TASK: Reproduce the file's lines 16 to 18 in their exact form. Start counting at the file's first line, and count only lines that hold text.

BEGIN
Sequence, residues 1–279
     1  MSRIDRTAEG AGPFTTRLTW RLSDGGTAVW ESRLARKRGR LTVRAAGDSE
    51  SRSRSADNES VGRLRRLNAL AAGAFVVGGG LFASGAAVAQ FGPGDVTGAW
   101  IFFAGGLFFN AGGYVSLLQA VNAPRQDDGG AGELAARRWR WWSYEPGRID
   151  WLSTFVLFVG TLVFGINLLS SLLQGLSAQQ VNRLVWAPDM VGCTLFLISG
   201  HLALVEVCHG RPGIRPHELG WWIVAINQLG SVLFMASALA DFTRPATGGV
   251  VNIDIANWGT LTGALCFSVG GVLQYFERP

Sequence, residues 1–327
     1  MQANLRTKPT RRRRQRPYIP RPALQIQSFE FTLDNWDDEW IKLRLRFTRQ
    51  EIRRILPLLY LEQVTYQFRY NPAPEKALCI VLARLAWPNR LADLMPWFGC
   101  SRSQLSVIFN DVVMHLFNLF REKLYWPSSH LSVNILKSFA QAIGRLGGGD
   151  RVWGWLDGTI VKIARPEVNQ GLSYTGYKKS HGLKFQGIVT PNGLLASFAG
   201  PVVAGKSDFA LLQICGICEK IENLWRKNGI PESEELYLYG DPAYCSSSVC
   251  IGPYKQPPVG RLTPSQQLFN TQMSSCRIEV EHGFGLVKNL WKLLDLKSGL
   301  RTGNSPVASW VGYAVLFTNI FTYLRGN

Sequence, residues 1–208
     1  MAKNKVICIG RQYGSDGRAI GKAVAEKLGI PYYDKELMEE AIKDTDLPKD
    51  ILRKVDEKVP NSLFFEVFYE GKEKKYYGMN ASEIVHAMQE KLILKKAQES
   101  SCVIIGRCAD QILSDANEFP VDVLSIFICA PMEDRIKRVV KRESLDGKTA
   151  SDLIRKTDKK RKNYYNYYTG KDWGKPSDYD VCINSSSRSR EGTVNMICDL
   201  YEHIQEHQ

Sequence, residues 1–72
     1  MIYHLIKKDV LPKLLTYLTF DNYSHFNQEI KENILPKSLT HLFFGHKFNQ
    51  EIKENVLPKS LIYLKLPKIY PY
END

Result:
Sequence, residues 1–208
     1  MAKNKVICIG RQYGSDGRAI GKAVAEKLGI PYYDKELMEE AIKDTDLPKD
    51  ILRKVDEKVP NSLFFEVFYE GKEKKYYGMN ASEIVHAMQE KLILKKAQES